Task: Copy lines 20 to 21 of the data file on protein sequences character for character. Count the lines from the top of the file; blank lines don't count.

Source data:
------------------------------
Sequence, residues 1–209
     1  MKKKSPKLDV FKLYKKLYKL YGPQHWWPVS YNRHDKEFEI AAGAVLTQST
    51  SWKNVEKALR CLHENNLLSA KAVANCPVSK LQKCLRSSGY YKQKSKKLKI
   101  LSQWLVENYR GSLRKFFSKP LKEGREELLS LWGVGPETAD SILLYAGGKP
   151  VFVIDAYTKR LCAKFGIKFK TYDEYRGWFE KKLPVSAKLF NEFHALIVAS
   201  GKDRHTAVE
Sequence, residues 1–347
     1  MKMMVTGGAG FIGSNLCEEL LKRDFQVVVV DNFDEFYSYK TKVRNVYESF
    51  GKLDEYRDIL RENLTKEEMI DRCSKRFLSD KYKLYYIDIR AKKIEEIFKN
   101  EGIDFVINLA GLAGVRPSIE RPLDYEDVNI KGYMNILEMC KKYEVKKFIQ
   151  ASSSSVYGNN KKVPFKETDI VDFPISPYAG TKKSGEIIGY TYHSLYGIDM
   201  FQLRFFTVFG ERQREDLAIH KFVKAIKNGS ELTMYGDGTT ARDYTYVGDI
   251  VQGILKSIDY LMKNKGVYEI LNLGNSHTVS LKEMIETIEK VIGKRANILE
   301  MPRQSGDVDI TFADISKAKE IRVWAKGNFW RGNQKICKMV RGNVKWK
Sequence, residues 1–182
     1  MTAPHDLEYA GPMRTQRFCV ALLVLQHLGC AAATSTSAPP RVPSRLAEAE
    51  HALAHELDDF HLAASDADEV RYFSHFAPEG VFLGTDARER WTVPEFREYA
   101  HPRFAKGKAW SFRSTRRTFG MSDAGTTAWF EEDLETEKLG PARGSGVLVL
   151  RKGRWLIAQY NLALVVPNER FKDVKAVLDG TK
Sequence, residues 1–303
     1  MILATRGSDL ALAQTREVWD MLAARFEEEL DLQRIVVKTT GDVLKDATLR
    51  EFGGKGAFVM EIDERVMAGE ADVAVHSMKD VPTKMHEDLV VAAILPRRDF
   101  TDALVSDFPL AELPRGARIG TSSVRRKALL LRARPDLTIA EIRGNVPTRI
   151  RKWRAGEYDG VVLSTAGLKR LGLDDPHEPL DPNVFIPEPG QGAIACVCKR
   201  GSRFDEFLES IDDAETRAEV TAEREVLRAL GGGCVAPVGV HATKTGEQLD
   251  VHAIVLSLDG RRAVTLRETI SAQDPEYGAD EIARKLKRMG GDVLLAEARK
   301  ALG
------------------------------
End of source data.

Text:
Sequence, residues 1–303
     1  MILATRGSDL ALAQTREVWD MLAARFEEEL DLQRIVVKTT GDVLKDATLR